The Janus Stone (Hardcover)

By Elly Griffiths

Houghton Mifflin Harcourt, 9780547237442, 352pp.

Publication Date: January 1, 2011

January 2011 Indie Next List

“Fans of character-driven suspense and atmospheric writing are sure to enjoy this new mystery series. Forensic anthropologist Ruth Galloway discovers ominous links to ancient sacrificial rites when a child's headless skeleton turns up in the foundation of an old house. Detective Chief Inspector Harry Nelson, the married father of Galloway's unborn child, becomes the investigating officer, and the murderer sees a chance for blackmail. I look forward to reading more in this series!”
— Carol Schneck, Schuler Books & Music, Okemos, MI
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Description

It's been only a few months since archaeologist Ruth Galloway found herself entangled in a missing persons case, barely escaping with her life. But when construction workers demolishing a large old house in Norwich uncover the bones of a child beneath a doorway--minus its skull--Ruth is once again called upon to investigate. Is it a Roman-era ritual sacrifice, or is the killer closer at hand?

Ruth and Detective Harry Nelson would like to find out--and fast. When they realize the house was once a children's home, they track down the Catholic priest who served as its operator. Father Hennessey reports that two children did go missing from the home forty years before--a boy and a girl. They were never found. When carbon dating proves that the child's bones predate the home and relate to a time when the house was privately owned, Ruth is drawn ever more deeply into the case. But as spring turns into summer it becomes clear that someone is trying very hard to put her off the trail by frightening her, and her unborn child, half to death.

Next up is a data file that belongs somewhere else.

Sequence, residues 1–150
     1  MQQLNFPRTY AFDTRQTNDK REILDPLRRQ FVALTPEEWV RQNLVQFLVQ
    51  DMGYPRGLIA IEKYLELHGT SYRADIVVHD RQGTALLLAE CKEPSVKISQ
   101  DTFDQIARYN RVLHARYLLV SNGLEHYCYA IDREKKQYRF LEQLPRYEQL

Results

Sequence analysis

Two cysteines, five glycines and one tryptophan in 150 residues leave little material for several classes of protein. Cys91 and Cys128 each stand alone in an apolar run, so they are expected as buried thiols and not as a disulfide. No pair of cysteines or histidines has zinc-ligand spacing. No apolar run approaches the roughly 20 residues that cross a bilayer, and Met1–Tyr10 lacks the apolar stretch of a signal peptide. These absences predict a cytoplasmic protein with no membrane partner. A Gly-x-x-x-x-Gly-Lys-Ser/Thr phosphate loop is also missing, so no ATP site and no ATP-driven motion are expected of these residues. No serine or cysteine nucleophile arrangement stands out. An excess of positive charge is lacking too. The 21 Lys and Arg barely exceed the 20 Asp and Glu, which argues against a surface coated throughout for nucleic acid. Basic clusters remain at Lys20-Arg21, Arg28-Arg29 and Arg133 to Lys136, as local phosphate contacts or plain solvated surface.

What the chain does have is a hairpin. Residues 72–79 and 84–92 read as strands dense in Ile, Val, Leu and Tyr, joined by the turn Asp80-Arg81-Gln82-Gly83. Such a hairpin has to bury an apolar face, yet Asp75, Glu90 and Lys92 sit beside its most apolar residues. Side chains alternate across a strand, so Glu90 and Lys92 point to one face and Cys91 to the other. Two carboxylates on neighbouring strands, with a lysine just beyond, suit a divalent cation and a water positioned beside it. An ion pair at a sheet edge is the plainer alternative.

The Janus Stone is a riveting follow-up to Griffiths's acclaimed The Crossing Places.



About the Author

This is the second in her Ruth Galloway crime series.


Praise For The Janus Stone

"Ruth's second appearance (The Crossing Places, 2009) is an enthralling page-turner that delights in complex characters." --Kirkus, STARRED review

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